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Bicentennial Man (1999), (PG)
CAP Score: 78
CAP Influence Density: 0.39
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ALERT: To fully understand this report you should first visit the topics
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SUMMARY / COMMENTARY:
*Bicentennial Man* (PG) -- a romp into the world of Kevorkianism and Clintonics.
If you are aware of assisted suicides and the authority of our high courts to decide whether an unborn child lives or dies and HOW it is to die if death is decided, then you will recognize Kevorkianism and Clintonics in this movie. While the level of intellect needed for this movie was well outside the typical intellect of younger kids, it certainly can invisibly or subliminally set a possibly indelible bias into their developing minds -- possibly into any vulnerable mind made defenseless by the absence or distortion of the Truth. Sound familiar?
The genius of Robin Williams and his support cast were masterful. Williams' talent with expressions, including vocal, was especially suited for this role of a robot "flowering" into humanhood. The imagination of the writers and others in this production was clearly superior to many other movies of similar theme. Even the plot, intricate as it was, led the viewer on a guided path through the "life" of a robot and its strivings for escape from being a manufactured piece of property. The mix of talents, imagery, and the projection of feeling made this movie as close to "believable" as I have seen. At the risk of being accused of extremism, let me remind you that the antiChrist will be (or is?) believable, too.
Well into the 21st century the World Court, the "Clinton Court" of the future, had the power to decide whether an individual was human or not, just like the higher courts of our land can now decide whether an unborn baby is a human. And though Kevorkian is now in prison for his involvement in assisted suicides, his legacy lives on in this movie as the elderly may order their servant robots to turn off the life support systems of their "masters." And, of course, the movie was as biased as the pro-homosexual movies -- those who were against the central agenda of the use of robots were presented as small minded and abrasive.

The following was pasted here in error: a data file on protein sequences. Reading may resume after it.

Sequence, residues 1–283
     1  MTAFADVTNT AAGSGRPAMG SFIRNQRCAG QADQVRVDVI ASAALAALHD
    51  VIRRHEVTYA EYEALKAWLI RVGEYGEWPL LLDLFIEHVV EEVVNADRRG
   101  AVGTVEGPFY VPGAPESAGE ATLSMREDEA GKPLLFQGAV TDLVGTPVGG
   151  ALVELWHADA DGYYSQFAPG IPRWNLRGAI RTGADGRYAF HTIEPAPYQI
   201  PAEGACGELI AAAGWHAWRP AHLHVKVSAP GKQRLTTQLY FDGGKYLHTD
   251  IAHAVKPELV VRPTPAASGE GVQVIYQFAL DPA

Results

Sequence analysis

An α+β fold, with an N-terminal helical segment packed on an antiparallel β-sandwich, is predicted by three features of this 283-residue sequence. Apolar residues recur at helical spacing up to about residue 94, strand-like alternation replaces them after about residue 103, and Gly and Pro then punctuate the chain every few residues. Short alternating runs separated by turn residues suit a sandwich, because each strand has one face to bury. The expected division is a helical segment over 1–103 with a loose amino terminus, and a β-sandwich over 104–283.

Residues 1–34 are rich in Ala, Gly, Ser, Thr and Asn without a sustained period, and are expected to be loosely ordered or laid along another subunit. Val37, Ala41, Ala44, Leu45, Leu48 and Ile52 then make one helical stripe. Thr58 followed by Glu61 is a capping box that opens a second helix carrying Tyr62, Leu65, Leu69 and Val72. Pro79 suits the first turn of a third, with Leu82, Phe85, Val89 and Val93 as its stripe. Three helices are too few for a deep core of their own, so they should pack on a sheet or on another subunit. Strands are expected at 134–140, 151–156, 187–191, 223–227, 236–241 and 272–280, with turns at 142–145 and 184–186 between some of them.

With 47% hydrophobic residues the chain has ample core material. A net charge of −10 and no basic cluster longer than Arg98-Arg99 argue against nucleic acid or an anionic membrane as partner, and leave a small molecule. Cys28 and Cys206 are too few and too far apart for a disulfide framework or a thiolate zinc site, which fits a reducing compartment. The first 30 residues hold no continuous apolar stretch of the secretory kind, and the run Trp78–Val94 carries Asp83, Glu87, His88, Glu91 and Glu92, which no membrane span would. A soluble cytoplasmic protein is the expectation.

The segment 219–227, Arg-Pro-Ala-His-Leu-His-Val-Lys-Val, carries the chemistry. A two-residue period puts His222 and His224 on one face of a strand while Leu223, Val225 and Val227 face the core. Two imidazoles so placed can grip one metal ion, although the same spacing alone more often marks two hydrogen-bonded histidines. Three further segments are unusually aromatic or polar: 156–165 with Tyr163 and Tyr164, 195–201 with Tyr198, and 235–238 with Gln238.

*Bicentennial Man* is a detailed and complex excursion through the self development of a robot into a "human." Many parallels to volatile social issues plaguing our world were opened: slavery; [non-gendered] suffrage; one-world government; humanity itself plus the narrowing bridge between man and machine, possibly even a parallel to the narrowing separation between pet and owner -- between man and animal. Eventually, the "special" robot named Andrew Martin (Robin Williams) developed a sense of individuality through reading and contemplation. After years of servitude as a "household appliance" the robot humbly demanded its freedom from servitude: its freedom from authority; its autonomy. Andrew felt it was more than a manufactured piece of property ... and the World Court agreed. The granting of human status by the World Court was rather plain and under-developed, but a point of god wannabe, of supreme authority was made.
Andrew searched years for others of its special intellect and found one in service to a gifted researcher who helped Andrew develop innovative living systems to give Andrew human appearance and emotions -- including sexual performance, of course. And why not? Full nudity in entertainment has oozed up from R to PG-13 and offensive language up from R and PG-13 to PG. Yes, you guessed right. *Bicentennial Man* presents not only repeated use of the three/four letter word vocabulary as a vent for impudence, it presents God's name in vain WITH the four letter expletive -- twice -- once in anger and once as a conversational snippet.
In the final scenes the elderly robot "died." Upon its "death" the woman who married the robot named Andrew said to it "See you soon" shortly after ordering her robot to shut off her life support systems. I guess the World Court must have somewhere ordered that Andrew also had a soul and granted it a claim to the Promise fo God, to the Heavenly inheritance of those who believe in the Precious Sacrifice of Jesus.
So many of our visitors seem to be relying only on this Summary/Commentary for a full assessment of this movie. This is not possible. For the best representation of the CAP Entertainment Media Analysis Model applied to this movie, visit the Findings/Scoring section below.
FINDINGS / SCORING:
NOTE: Multiple occurrences of each item described below are likely.
Wanton Violence/Crime (W):
Offense to God (O)(2):